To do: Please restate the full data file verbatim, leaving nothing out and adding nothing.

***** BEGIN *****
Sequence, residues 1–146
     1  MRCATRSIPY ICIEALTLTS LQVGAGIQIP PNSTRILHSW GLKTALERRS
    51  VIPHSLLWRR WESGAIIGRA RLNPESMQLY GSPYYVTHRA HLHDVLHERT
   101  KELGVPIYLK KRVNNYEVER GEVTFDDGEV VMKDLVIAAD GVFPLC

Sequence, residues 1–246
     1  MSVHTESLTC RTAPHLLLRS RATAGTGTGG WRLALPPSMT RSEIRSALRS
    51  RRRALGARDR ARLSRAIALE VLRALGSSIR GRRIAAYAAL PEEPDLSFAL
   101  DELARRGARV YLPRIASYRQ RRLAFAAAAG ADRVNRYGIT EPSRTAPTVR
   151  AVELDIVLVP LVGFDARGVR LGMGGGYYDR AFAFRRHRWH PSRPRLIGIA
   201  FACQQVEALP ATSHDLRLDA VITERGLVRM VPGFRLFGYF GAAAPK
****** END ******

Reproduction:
Sequence, residues 1–146
     1  MRCATRSIPY ICIEALTLTS LQVGAGIQIP PNSTRILHSW GLKTALERRS
    51  VIPHSLLWRR WESGAIIGRA RLNPESMQLY GSPYYVTHRA HLHDVLHERT
   101  KELGVPIYLK KRVNNYEVER GEVTFDDGEV VMKDLVIAAD GVFPLC

Sequence, residues 1–246
     1  MSVHTESLTC RTAPHLLLRS RATAGTGTGG WRLALPPSMT RSEIRSALRS
    51  RRRALGARDR ARLSRAIALE VLRALGSSIR GRRIAAYAAL PEEPDLSFAL
   101  DELARRGARV YLPRIASYRQ RRLAFAAAAG ADRVNRYGIT EPSRTAPTVR
   151  AVELDIVLVP LVGFDARGVR LGMGGGYYDR AFAFRRHRWH PSRPRLIGIA
   201  FACQQVEALP ATSHDLRLDA VITERGLVRM VPGFRLFGYF GAAAPK